Despite large sockeye forecasts, Feds wary of repeating 2009 blunder
VANCOUVER – Predictions for this year’s salmon fishery on British Columbia’s Fraser River are so massive there’s no historical data to use to forecast the many millions of sockeye expected to return.
But no one involved in the fishery would dare celebrate early as the ghost of the disastrous 2009 Fraser River fishery continues to haunt their memories.
Five years after the collapse of the run that prompted a $26-million federal inquiry, Fisheries and Oceans Canada is forecasting a summer return ranging from a low of 7.3 million to a high of 72.5 million, settling for planning purposes on 23 million.
In contrast, the department forecast that some 10 million sockeye would return to the Fraser River in 2009, but only about 1.4 million showed up.
Ken Malloway, grand chief of the Sto:lo Nation, which fishes a stretch of the river starting in Surrey, B.C., said federal officials have made some big blunders over forecasts in the past.
He said there have always been concerns, uncertainty and mistakes about sockeye predictions and returns.
“People remember it and people are concerned about it, but you know people don’t want to dwell on it,” he said of the 2009 season. “People are mostly optimistic.”
Malloway said he believes federal officials may even be too conservative by settling on 23 million.
Jennifer Nener, Fisheries and Oceans Canada’s area director for the lower Fraser River, said the figure of 23 million is based on what’s known as a 50-per-cent probability. At 23 million, there is a 50 per cent chance of the returns being higher and a 50 per cent chance of returns being lower, she said.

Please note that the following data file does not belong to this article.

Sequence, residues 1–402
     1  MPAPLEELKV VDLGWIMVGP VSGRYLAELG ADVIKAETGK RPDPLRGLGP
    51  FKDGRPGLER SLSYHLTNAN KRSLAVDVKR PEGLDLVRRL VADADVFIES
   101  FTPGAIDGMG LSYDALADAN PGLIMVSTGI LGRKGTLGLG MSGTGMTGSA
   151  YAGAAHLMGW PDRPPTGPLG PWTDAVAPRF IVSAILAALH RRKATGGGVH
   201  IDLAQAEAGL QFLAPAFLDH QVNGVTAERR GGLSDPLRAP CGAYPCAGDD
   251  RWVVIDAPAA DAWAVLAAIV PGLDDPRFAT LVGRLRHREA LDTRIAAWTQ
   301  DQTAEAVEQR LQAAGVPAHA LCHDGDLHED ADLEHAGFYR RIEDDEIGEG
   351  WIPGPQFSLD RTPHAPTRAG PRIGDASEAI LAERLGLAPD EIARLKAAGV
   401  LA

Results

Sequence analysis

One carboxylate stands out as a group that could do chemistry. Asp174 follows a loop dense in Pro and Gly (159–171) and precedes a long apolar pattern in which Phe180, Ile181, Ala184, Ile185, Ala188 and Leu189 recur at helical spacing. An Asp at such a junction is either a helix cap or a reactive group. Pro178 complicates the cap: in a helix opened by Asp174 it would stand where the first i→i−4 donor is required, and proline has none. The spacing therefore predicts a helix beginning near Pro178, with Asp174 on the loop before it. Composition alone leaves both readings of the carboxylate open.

“The forecast is just that: it’s a forecast, and there is a lot of uncertainty in that forecast ” she said.
Complicating the forecast, though, are the facts that sockeye return to the Fraser in four-year cycles, and there was a large return in 2010 – almost 30 million.
“We had such high numbers of spawners in 2010,” she said. “We’re well outside the range of historical data that are used to actually model the forecast returns.”
Officials have broken the run up into four different management groupings.
The smallest group is known as the early Stuart run, named after the watershed from where they come, and the forecast is for 300,000, she said.
Nener said the early summer and the summer runs are next two groups and the predictions are for 4.1 million and 5.6 to 5.7 million.
The final group is the late run, and Nener said that forecast is set at 12.8 to 12.9 million.
While a test fishery began on the river June 20, there is no current commercial or recreational fishery on the Fraser, said Nener, adding it will be weeks before officials make a decision on when to open a fishery.
“Openings for First Nations’ food and social, ceremonial, as well as recreational and commercial fisheries really depend upon what’s actually happening out there in the environment,” she said.
Rob Morley of the Canadian Fishing Company, a firm that harvests, processes and markets seafood, said much has changed since 2009, and sockeye survival rates have improved in the past three years thanks to better ocean conditions.
Yet uncertainty is a constant in the industry, he added.
“Obviously, you’re always concerned that things can go wrong, and in the fish business you have to expect the unexpected, but, you know, we think those conditions are behind us at this point, given what we have seen.”
Even if 20-million sockeye return, it will still be a good fishery, he said, noting that in 2010 fish processors were scrambling to handle what was available.
This year, though, Morley said he’s concerned with the hype associated with the upper end of the forecast, the numbers past 70 million.
“If only 20 or 25 million show up … somehow people will say we’ve lost a bunch of fish again,” he said. “I think if we get a run of 20 or 25 million we should be very happy.”
Sockeye have dark red coloured meat and a high oil content. They range in weight from 2.2 to 3.1 kilograms, but can reach over six kilograms.
When the fish return to the river they’re know for turning a brilliant shade of red with green heads.
© The Canadian Press, 2014